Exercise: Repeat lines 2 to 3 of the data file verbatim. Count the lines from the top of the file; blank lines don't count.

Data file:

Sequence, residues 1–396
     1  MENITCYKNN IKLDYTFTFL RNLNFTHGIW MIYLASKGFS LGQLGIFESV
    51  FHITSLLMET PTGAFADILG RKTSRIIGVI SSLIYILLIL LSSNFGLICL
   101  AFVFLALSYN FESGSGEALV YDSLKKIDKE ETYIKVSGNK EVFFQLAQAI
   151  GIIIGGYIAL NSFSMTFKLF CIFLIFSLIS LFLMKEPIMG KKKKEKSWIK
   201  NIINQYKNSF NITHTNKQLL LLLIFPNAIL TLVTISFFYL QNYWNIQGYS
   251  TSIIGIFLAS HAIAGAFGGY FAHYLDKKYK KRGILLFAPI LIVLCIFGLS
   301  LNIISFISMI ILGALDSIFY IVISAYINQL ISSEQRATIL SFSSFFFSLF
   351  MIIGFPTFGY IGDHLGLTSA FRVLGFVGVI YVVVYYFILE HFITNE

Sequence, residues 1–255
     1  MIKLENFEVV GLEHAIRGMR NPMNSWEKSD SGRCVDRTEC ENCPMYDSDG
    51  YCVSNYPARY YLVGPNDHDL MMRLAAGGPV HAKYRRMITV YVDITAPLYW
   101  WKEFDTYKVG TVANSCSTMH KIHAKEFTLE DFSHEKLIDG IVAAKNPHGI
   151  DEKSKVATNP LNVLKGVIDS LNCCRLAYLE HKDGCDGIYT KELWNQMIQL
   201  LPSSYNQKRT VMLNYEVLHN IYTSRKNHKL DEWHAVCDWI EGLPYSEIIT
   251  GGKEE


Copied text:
     1  MENITCYKNN IKLDYTFTFL RNLNFTHGIW MIYLASKGFS LGQLGIFESV
    51  FHITSLLMET PTGAFADILG RKTSRIIGVI SSLIYILLIL LSSNFGLICL